The e1evation/Envano team has done a great deal of work over the past six months on building the ‘near perfect’ toolkit for the mobile journalist. It comes from our award-winning work covering trade shows for AGCO. Here’s an interesting post on tools for the mobile journalist. Read the author’s take and then you can have my list of tools…

“The multi-function playground that is the smartphone has shrunk the capabilities of a van-sized 1970’s news team into the pocket of a single reporter. Today, front-page news can stream from any individual with a cell phone camera and a Twitter account, as it did during Iran’s election protests last summer. Today, major news outlets, such as CNN, have crowdsourced parts of their newsroom to locally-savvy citizen journalists, often armed with little more than a camcorder.

In addition to the standard smartphone equipment, such as a camera and social networking applications, we’ve compiled a list of five additional tools that can help a single journalist rival a fully-functional news team. With these tools, a mobile journalist can record data, edit clips, and broadcast polished stories as events unfold.” Source: 5 Essential Tools for the Mobile Journalist

Personally? I must be cranky today because I think this list is lame! My list?

  • Apple iPhone [too bad the ATT network sucks so bad! We need a Sprint MyFi as backup…]
  • Kodax Zi8 HD Video camera
  • Posterous
  • uStream
  • Picasa
  • A notebook computer
  • And a Humvee Combat Vest to put all the equipment in!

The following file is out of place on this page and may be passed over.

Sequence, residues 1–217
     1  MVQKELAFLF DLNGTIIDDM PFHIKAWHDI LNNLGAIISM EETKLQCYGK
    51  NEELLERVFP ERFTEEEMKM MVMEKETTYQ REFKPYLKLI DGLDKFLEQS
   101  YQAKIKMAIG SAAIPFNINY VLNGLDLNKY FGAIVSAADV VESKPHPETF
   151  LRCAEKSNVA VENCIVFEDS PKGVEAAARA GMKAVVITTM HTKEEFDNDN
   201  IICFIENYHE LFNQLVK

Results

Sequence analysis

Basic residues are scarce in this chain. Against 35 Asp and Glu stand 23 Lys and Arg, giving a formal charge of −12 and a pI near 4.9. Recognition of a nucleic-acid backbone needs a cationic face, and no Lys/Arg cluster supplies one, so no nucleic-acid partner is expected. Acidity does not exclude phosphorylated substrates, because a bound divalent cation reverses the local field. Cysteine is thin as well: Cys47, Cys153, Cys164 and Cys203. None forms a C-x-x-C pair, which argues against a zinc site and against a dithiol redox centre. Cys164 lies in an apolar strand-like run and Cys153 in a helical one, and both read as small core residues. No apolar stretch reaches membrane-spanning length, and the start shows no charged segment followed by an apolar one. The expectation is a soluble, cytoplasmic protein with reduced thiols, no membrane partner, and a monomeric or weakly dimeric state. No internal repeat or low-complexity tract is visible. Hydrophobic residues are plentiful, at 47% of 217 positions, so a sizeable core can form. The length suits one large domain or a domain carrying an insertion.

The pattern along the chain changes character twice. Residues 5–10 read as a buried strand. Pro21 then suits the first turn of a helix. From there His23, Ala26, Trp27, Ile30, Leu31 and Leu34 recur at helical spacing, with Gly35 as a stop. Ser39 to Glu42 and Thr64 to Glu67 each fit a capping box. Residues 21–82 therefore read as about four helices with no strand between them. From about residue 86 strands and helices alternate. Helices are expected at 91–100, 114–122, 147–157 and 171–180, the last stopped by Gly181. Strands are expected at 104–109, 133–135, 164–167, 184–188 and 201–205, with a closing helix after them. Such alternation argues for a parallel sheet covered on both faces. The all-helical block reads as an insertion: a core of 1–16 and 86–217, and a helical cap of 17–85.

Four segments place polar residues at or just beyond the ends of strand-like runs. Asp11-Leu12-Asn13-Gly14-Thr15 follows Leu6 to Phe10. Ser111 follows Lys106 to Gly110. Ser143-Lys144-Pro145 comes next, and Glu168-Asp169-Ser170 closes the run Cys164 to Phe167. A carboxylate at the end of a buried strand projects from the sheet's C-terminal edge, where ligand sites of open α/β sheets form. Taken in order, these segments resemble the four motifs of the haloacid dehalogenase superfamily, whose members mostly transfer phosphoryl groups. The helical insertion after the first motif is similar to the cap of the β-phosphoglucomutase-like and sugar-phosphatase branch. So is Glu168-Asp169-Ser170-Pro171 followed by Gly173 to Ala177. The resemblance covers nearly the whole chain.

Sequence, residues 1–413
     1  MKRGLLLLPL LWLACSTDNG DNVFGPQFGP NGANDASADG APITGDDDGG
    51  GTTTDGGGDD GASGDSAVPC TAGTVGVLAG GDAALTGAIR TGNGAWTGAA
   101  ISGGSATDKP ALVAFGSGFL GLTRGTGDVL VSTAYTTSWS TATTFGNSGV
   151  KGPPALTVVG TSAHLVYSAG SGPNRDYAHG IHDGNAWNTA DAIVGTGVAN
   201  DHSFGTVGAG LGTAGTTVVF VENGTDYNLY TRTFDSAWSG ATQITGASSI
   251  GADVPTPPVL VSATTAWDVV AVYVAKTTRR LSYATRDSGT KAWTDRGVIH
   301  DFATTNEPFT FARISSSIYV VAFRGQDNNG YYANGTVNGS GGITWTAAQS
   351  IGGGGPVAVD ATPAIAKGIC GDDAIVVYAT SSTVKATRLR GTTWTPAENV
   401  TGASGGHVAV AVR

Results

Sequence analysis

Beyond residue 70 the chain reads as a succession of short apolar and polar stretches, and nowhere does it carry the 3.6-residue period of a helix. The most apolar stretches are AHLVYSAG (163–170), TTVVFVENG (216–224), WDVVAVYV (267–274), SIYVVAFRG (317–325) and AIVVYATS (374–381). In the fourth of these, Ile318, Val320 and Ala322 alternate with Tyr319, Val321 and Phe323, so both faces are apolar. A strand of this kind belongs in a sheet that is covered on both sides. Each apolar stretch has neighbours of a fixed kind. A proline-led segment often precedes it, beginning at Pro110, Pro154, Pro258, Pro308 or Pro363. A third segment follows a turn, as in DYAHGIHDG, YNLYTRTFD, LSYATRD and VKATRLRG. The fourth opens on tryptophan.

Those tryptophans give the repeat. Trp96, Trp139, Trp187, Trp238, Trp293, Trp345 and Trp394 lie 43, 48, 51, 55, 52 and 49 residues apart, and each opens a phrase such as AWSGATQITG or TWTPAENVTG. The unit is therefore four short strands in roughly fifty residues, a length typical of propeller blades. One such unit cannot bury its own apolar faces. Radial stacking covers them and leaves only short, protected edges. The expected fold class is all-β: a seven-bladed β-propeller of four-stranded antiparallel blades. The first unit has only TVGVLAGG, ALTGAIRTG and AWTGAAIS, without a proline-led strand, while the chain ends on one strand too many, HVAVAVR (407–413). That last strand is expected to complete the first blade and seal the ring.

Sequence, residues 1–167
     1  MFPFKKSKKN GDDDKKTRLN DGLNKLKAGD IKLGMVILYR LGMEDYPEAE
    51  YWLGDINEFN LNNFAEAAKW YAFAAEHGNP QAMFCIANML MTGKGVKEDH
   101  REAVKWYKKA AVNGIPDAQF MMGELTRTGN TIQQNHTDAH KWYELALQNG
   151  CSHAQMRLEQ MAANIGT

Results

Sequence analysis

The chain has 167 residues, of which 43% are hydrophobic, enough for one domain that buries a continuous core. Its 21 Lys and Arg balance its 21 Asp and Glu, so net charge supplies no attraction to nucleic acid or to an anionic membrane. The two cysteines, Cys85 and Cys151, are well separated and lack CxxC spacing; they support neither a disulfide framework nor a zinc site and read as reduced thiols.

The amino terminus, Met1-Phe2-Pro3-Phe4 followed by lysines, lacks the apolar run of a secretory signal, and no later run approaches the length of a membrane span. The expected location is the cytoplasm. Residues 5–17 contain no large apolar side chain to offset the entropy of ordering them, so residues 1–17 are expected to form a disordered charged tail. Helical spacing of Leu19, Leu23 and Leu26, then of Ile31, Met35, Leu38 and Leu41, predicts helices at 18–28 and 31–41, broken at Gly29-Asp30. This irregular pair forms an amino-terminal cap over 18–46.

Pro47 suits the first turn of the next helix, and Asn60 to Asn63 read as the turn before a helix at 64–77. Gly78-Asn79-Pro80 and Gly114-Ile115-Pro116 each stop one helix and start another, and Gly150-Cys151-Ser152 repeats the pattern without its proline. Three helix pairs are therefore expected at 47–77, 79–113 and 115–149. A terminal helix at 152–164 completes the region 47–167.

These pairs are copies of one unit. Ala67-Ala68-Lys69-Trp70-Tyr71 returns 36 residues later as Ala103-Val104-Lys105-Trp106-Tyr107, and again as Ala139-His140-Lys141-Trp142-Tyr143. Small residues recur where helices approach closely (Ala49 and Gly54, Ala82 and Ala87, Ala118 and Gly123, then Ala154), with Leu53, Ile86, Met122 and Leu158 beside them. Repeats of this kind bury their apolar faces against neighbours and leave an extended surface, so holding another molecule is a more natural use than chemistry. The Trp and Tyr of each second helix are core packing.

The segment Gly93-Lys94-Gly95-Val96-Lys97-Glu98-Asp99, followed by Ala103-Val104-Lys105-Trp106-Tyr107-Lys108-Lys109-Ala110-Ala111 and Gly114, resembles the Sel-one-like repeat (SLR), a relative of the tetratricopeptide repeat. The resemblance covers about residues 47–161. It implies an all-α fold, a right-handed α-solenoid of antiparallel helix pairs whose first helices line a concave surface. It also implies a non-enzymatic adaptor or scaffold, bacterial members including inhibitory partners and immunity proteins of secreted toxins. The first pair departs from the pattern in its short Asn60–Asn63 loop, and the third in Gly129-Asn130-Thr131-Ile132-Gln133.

Our key to mobile journalism is to assign the right duties to the right assets, be they people or products. Comment, call or contact me to discuss how this applies to your business…

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Some good email advice…

…from a reputable source…

“Want to be sure that you are a valuable member of the team? Well, then don’t annoy your coworkers with your email habits. Or worse, don’t annoy your superiors.

“Since email is now the number one business communication tool it’s become the best way to trumpet your value and save your job,” says Mike Song, a top email efficiency and etiquette expert and lead author of the bestselling book, The Hamster Revolution: How to Manage Your Email Before It Manages You.” Source: IT Management » Blog Archive » Be A Good Emailer

Go to the source to read the whole article — it’s worth it!

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5 ways to make next year your best year yet

John Jantsch has a great perspective on the planning that usually happens at this time of year and how to make it meaningful…